Egypt`s Muslim Brotherhood to contest elections
Egypt`s largest opposition group, the Muslim Brotherhood, will contest upcoming parliamentary elections despite calls for a boycott, a senior official with the group said on Thursday.
Cairo: Egypt`s largest opposition group,
the Muslim Brotherhood, will contest upcoming parliamentary
elections despite calls for a boycott, a senior official with
the group said on Thursday.
The decision, which comes nearly a month after a
leading democracy advocate called on parties to skip the
polls, highlights the fractured state of Egypt`s opposition.
But the Brotherhood`s choice to field candidates in
the November polls was widely expected. The organisation
traditionally views elections as its best chance to
demonstrate its strength to its supporters and pressure the
regime of President Hosni Mubarak, who has ruled for nearly 30
"We choose to be positive and run in the elections,"
said Brotherhood lawmaker Saad el-Katatni, the head of the
group`s caucus in parliament.
He said the decision stemmed in part from the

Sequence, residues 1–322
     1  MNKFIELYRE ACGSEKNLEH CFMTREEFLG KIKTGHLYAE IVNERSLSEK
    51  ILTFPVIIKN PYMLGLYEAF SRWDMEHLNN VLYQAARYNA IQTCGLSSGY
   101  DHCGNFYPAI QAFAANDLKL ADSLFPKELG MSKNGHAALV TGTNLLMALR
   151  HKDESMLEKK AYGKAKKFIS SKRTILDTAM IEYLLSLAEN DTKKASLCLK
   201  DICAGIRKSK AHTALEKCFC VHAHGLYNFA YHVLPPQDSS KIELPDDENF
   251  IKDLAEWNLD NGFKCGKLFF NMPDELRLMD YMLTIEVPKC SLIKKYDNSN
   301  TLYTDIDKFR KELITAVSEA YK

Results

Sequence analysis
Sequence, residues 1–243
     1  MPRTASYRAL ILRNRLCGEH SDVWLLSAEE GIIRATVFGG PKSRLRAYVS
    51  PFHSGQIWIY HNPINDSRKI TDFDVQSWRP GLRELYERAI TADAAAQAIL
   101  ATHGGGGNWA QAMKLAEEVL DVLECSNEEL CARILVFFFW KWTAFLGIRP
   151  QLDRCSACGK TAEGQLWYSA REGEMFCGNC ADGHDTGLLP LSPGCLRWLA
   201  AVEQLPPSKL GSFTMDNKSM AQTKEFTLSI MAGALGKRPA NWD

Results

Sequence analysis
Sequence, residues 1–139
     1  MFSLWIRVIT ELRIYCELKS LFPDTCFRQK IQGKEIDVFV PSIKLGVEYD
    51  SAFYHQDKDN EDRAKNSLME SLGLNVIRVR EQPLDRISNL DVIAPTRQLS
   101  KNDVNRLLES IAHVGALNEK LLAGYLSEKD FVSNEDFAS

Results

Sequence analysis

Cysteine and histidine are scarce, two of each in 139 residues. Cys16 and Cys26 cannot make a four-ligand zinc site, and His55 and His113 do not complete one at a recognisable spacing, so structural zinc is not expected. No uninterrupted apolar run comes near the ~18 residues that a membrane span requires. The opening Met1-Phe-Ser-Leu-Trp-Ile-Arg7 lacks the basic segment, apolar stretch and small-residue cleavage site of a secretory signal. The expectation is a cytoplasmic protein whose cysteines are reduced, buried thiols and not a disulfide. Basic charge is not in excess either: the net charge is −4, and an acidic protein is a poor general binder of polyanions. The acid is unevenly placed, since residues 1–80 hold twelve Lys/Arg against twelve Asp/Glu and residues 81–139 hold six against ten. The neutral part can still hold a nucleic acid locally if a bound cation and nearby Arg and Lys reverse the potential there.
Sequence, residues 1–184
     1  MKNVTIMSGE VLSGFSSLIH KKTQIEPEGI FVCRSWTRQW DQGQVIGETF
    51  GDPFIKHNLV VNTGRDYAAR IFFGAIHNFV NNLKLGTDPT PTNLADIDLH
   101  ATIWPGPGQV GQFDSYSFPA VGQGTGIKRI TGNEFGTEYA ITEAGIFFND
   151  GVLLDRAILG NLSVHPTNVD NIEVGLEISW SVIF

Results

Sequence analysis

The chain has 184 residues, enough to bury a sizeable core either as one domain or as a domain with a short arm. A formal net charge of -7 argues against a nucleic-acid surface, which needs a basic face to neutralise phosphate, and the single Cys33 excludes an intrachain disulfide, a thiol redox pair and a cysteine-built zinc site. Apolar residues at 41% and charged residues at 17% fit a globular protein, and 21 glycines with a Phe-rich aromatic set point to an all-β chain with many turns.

opposition`s inability to present a common front.
"If there was unity, we would have joined them (in a
boycott) to embarrass the regime," he said. He added that it
was too early to say how many candidates the Brotherhood will
Egypt`s three main political parties - the liberal
Al-Wafd, the pan-Arab Nasserist, and the leftist opposition
Tagammu - have also said that they will contest the elections.
That leaves former UN nuclear chief Mohamed ElBaradei,
who initiated the call to stay away from the polls, his
supporters and two small parties alone in their boycott.
ElBaradei, who has emerged as a popular opposition
figure since returning home this year, made his boycott appeal
early this month, saying the elections are sure to be rigged.
He said those who contest the polls would be going against
"the national will".
ElBaradei doesn`t have a recognised political party
and said he won`t participate in official political life
unless election laws and the constitution are changed to
remove state restrictions on freedoms.
The Brotherhood won 88 seats in Egypt`s current
454-seat parliament - a surprisingly strong result that was
widely viewed as a victory. Its candidates run as independents
because the group is officially banned by the government.